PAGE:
As an instructional designer and educator, understanding and using Bloom’s revised taxonomy is crucial to creating significant learning experiences. An important part of the course design process is aligning the Bloom’s levels with the topic. If you’re teaching spelling, then the majority of learning will be in the lower levels. The intended outcome is to have a student know the facts: how to spell cat, or dog, or even taxonomy. At this level, you would use a very simple assessment tool.
“Take out your paper…number from 1-20…#1 – spell the word CAT.”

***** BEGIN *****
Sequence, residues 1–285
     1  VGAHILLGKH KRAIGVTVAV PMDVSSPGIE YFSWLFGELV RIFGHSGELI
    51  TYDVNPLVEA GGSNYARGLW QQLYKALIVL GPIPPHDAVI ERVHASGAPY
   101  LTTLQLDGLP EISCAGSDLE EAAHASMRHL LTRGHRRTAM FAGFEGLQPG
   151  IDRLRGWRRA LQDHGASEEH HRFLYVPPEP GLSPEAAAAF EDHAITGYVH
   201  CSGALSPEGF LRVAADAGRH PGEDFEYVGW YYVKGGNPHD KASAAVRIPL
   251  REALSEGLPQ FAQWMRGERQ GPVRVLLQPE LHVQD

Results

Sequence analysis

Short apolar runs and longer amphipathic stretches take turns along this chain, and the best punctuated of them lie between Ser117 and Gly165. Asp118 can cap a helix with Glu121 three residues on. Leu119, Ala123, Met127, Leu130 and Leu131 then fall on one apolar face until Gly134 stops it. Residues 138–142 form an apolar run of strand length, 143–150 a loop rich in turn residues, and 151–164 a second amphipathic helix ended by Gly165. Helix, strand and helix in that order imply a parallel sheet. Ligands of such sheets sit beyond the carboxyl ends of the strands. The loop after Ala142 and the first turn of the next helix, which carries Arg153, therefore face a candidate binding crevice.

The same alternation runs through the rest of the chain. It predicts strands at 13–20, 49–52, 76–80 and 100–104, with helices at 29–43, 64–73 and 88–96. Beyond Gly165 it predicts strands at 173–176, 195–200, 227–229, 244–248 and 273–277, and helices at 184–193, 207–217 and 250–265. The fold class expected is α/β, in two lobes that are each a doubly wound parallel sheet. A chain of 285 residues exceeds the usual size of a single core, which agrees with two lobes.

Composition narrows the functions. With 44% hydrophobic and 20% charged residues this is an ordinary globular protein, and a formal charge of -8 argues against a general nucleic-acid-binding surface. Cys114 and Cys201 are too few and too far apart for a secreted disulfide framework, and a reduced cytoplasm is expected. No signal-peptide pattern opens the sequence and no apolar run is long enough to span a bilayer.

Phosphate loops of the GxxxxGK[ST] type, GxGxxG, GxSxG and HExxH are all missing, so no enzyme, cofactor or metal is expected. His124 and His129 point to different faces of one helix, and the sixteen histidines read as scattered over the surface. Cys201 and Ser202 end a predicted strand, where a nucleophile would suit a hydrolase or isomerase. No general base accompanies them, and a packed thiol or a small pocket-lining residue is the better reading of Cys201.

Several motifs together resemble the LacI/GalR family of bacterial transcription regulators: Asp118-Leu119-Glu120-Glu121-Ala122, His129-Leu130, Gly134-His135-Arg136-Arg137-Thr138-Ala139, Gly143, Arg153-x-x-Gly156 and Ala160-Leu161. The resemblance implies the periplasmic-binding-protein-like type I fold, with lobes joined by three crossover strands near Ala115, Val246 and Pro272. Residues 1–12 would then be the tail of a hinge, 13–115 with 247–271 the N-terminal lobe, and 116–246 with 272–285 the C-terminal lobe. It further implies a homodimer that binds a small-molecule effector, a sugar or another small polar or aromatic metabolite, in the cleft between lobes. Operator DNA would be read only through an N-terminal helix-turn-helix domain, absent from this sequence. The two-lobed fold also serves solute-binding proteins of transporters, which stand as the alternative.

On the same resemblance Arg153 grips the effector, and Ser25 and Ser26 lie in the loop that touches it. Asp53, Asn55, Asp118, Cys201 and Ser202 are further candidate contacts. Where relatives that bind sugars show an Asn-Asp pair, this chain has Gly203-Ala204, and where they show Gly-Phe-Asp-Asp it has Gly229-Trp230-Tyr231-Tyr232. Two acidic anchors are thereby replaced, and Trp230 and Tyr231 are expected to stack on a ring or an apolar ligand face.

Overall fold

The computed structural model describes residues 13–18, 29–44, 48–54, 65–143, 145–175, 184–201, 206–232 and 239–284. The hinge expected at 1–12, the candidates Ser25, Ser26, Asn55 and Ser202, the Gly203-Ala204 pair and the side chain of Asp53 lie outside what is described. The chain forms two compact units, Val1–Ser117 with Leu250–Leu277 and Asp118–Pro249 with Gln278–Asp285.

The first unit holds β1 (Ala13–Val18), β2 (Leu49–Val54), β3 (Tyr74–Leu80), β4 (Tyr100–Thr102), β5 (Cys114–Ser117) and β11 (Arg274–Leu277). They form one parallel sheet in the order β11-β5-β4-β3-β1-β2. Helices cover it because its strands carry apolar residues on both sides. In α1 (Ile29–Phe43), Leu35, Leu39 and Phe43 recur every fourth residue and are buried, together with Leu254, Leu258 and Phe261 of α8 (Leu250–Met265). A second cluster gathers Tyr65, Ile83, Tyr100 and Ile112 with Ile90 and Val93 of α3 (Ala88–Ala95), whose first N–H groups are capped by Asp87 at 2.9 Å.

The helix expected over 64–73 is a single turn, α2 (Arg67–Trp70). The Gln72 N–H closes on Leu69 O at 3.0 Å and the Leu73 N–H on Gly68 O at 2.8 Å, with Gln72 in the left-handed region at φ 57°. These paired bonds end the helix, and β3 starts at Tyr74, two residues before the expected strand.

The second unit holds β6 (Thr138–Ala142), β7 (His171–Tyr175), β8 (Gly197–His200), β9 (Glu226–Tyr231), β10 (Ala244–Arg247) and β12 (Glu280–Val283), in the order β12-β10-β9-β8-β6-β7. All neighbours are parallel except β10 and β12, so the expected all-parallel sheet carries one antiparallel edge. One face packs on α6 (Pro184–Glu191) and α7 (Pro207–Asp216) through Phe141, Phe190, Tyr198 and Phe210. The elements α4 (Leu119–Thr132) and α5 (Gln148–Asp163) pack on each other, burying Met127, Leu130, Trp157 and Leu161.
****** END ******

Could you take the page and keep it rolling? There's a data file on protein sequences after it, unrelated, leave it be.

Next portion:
However, if you’re teaching a college level philosophy class, your focus is on the higher order levels. Assessing the student’s learning requires more than a simple test that is focused on recalling facts. Unlike a spelling test, a philosophy assessment might be a critique of Plato’s allegory of the Cave. Now that’s critical thinking! (and possibly a headache from thinking too much)
It’s not always easy to determine the appropriate Bloom’s level for the learning outcome. When I work with an instructor, I find it helpful to use a simple explanation of each Bloom’s level. This allows the instructor to evaluate the content and decide if the level is appropriate.
Anderson, L. W., Krathwohl, D.R., Airasian, P.W., Cruikshank, K.A., Mayer, R.E., Pintrich, P.R., Wittrock, M.C (2001). A taxonomy of learning, teaching, and assessing: A revision of Bloom’s taxonomy of educational objectives. New York, NY: Longman.